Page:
The original goal was to train 4 KPU faculty members with training and lecture materials necessary to teach two GIS courses at the undergraduate level. However, a great interest from KPU was shown towards the GIS training. The trainees agreed to change the mission, and we had a total of 14 faculty members from KPU who actively participated in the training program. Most of the KPU faculty members who participated in the training had different levels of GIS experience. The training covered basic and advanced GIS and we had perfect attendance in the vast majority of the training sessions. At many points, the training became more of a discussion rather than trainers training trainees. The trainers also have had great discussions with KPU faculty about the best methods of teaching GIS as well as obtaining and refining GIS data in Afghanistan. KPU recognized the trainers’ efforts with certificate of appreciation and the trainees received training accomplishment certificates as well.
Computer lab was powered by solar panels
1st week of training
The first week of training covered basic GIS theory as well as practical applications in ESRI’s ArcGIS, an industry standard GIS software package. It included a basic introduction to GIS and the software, the construction of basic maps, vector data theory, basic geoprocessing, using model-builder to solve geographic problems, raster data theory, geodatabase theory, and construction, as well as the theoretical basis of remote sensing.
Heath Robinson receiving a certificate of appreciation
2nd week of training
Given that most of the training material had been taught already, additional modules had to be developed based on the needs expressed by the trainees themselves. The second week of the training mostly focused on the following themes:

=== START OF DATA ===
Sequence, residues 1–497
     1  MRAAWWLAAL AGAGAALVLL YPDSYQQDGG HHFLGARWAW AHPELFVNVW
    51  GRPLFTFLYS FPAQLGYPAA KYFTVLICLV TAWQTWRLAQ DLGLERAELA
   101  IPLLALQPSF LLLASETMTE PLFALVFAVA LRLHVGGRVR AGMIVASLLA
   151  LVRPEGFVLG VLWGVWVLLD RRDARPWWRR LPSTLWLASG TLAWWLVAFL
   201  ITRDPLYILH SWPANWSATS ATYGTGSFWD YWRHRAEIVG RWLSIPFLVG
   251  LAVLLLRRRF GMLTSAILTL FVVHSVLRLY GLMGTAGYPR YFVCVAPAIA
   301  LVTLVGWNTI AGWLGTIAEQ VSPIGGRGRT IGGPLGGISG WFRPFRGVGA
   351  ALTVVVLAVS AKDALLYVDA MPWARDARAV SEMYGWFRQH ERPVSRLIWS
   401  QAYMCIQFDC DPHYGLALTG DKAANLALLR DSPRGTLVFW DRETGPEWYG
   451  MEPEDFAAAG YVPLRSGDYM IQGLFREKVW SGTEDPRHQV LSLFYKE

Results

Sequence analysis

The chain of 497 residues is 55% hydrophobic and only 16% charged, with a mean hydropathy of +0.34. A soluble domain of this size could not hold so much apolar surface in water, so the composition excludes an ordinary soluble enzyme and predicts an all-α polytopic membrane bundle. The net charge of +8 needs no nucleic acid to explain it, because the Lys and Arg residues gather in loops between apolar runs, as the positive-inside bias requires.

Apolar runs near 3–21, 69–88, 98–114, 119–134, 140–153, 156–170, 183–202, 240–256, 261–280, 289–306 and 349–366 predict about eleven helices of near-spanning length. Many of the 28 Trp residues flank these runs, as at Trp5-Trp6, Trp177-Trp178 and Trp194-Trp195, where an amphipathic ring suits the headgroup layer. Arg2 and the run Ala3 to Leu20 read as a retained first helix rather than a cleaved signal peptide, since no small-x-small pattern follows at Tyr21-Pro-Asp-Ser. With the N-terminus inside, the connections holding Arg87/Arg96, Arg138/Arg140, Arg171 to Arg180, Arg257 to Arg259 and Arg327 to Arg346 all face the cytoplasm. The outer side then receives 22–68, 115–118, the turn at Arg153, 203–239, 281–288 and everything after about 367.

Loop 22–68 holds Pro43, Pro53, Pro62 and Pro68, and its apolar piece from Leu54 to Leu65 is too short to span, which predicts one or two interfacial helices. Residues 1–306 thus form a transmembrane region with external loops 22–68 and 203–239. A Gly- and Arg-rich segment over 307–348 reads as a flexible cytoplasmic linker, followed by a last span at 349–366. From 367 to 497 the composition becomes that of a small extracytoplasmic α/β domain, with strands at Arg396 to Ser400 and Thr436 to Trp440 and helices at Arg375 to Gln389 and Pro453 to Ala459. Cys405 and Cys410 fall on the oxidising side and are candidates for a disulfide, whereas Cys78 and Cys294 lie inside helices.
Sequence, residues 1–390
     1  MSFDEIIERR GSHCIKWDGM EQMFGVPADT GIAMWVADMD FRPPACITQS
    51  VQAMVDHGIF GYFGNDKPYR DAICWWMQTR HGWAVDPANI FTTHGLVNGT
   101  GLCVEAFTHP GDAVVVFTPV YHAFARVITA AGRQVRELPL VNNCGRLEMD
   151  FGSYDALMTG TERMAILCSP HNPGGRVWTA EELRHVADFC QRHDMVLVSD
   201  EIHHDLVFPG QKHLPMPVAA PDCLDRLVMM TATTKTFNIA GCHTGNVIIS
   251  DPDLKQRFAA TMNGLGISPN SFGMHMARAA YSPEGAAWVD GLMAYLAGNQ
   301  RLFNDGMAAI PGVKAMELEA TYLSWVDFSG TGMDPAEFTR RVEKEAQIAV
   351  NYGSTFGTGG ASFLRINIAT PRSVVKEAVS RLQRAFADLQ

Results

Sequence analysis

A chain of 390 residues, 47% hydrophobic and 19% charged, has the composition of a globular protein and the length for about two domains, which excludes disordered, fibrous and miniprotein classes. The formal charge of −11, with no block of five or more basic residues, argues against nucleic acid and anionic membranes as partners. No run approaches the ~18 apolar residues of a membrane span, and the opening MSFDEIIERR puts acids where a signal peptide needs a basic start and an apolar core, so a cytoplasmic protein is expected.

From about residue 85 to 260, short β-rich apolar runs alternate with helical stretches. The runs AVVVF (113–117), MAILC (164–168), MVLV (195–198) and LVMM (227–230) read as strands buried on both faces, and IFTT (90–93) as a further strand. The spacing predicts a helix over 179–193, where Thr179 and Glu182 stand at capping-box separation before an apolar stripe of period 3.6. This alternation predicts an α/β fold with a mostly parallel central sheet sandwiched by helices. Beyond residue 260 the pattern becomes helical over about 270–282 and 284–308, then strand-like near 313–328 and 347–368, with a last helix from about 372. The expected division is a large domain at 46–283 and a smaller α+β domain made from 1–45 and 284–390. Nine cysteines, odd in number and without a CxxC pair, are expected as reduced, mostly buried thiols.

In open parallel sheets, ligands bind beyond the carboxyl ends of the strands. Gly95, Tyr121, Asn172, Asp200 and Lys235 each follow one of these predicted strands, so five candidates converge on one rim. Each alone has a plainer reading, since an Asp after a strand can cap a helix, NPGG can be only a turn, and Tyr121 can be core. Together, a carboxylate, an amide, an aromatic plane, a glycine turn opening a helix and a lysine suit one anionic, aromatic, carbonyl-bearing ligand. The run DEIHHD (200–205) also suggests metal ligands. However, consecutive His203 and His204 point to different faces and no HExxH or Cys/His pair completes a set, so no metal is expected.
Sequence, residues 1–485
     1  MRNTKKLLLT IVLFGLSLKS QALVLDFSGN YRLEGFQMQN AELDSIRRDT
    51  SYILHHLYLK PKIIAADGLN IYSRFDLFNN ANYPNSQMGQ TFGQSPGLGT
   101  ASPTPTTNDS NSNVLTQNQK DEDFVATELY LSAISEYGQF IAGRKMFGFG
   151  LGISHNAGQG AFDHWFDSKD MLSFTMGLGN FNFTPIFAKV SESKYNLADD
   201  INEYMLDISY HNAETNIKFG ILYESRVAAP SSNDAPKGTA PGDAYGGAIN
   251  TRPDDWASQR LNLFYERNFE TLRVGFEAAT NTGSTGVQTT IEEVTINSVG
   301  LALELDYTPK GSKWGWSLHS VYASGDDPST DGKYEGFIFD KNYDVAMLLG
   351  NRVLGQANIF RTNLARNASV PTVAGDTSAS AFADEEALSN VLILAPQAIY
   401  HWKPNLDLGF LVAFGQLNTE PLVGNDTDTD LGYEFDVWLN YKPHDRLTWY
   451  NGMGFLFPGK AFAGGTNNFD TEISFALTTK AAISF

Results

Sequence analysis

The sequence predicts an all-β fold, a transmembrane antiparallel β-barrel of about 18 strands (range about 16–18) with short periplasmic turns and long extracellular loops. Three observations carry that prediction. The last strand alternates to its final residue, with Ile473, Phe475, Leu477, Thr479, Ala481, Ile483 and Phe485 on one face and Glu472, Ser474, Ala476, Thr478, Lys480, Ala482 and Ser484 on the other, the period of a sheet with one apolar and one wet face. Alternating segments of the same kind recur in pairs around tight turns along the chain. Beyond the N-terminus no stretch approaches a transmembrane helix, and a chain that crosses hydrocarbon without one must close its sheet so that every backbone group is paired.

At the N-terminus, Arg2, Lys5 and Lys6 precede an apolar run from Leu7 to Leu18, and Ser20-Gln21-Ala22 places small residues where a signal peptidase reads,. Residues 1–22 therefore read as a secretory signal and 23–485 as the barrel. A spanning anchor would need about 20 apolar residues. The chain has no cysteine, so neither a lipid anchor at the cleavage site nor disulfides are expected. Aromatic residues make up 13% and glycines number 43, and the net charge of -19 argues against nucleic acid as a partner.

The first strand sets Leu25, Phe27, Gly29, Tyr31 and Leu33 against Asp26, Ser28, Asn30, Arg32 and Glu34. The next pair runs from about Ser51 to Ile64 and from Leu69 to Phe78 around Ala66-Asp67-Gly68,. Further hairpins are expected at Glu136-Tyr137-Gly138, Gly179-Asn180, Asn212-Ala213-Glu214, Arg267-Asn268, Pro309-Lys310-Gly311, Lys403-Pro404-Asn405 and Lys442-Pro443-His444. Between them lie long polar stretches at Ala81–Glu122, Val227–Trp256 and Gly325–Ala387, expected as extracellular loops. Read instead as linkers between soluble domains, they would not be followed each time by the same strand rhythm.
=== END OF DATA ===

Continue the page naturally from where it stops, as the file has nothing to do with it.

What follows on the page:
– Vector-based spatial analysis (problem-solving, data acquisition…)– Presentation of OpenStreetMap (OSM basics, OSM tasking manager, OSM Exports)- Raster-based spatial analysis (raster calculator, raster overlay, raster extraction, pixel grouping…)- 2D and 3D representation (ArcMap symbology, ArcScene)
– Network analysis (origin-destination matrix, service areas)
– Remote sensing (theory of RS, multi-band images, NDVI, supervised image classification, interpolation for DEM creation
Stéphane Henriod teaching OSM to students
Recommendations for future
A few recommendations can be made in order to allow the GIS activities at KPU to fully develop in the future:
– Full licenses should be purchased for the extensions 3D Analyst, Spatial Analyst, and Network Analyst. Since the original plan was to cover basic and intermediate GIS subjects, 51 ArcGIS software licenses were bought without advanced extensions. However, KPU faculty showed interest in learning advanced GIS techniques such as raster based analysis and remote sensing. Temporary licenses for these extensions were installed on the computers, which will expire in September.
– It is very difficult (and expensive) to purchase high-resolution satellite imagery in Afghanistan. The trainees have been expressing deep interest for UAV (Unmanned Aerial Vehicle) technologies, such as the Sensefly eBee: https://www.sensefly.com For ~20’000USD, such UAVs can produce orthorectified imagery and DEMs with a spatial resolution up to 2cm. Investing into the purchase, shipping and training of a UAV in phase 2 of the project would be a real advantage for the GIS and RS activities at KPU.
City of Kabul, August 2014